'You're responsible': Advocates call for safe driving awareness on White Cane Safety Day
MILWAUKEE (CBS 58) -- A local nonprofit and its supporters are working to end reckless driving on Milwaukee streets.
Beyond Vision is especially focused on keeping the visually impaired safe.
During a Friday morning news conference, Cory Ballard recounted his "close call" with an impatient driver about a year ago.
Ballard, who is vision impaired, said the person drove into the crosswalk and the car tapped against his guide dog as they walked to Ballard's job.
"Anyone traveling in our community, you also have a responsibility. You're responsible for my safety as well," explained Ballard, director of technology at Vision Forward Association.
The dog was okay, but it's reckless incidents like this advocates want to stop.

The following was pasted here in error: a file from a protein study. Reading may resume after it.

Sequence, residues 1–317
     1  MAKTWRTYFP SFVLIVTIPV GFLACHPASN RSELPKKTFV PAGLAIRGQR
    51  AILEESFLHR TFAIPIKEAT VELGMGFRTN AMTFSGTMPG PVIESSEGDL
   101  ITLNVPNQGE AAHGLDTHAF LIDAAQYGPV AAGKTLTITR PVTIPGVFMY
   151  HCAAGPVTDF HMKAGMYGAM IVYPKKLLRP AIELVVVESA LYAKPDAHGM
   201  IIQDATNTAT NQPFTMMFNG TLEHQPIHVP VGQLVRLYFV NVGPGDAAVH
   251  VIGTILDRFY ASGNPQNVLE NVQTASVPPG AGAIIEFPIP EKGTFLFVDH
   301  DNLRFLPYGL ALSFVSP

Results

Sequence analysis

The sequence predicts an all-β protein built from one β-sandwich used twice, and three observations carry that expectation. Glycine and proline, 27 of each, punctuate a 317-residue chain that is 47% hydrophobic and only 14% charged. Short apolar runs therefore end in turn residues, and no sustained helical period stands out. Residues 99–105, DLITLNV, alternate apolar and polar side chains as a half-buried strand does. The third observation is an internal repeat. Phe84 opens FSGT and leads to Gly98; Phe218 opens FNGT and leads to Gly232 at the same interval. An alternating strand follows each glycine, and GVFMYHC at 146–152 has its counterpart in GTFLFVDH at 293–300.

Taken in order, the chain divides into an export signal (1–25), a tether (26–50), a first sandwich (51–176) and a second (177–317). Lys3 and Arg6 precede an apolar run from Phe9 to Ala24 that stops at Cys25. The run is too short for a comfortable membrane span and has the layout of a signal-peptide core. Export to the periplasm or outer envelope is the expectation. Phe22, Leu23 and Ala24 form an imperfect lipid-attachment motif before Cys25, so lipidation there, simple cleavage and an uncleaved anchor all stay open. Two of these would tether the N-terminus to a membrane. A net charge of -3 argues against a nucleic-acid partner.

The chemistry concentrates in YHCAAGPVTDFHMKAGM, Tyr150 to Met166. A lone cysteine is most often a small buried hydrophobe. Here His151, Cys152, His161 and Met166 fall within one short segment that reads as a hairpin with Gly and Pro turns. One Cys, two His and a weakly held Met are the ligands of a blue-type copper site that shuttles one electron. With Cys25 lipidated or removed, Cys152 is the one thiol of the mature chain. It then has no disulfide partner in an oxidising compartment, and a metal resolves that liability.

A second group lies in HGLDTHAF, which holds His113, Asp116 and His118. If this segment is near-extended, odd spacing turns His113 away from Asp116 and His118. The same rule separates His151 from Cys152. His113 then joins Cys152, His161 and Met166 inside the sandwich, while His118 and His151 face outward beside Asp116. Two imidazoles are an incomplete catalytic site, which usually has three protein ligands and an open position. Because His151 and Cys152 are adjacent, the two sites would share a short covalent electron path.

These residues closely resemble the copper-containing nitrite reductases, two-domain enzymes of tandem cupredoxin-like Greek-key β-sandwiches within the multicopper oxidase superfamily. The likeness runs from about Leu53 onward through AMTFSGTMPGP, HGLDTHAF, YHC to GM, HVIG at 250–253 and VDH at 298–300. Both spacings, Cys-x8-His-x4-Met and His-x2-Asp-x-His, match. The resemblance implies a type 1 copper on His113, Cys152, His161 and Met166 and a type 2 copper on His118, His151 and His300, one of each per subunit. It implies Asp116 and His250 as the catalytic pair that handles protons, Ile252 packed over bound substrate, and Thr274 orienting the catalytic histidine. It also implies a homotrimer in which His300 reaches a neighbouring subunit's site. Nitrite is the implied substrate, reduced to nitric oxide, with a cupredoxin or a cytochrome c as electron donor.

"Hitting your horn doesn't help somebody who can't see. All it is is a loud noise that's going to distract me, or if I'm using a dog guide it's going to distract my dog and scare the dog," he said.
White Cane Safety Day stresses the importance of the white cane used by some with vision loss.
In Wisconsin, drivers must stop at least 10 feet away from a pedestrian carrying a white cane or walking stick or using a service animal.
Since the start of the year, nearly 50 people have died in traffic accidents in the city.
Activists want harsher penalties.
State Sen. Lena Taylor (D-Milwaukee) said safety is a choice.
"It's a hard problem to solve because everybody has to make the individual choice, at every moment, to do what is right for someone else who does not have the ability to even know that you're there," Taylor said.
Violators of the White Cane state law may be fined, and could face conviction depending on the offense.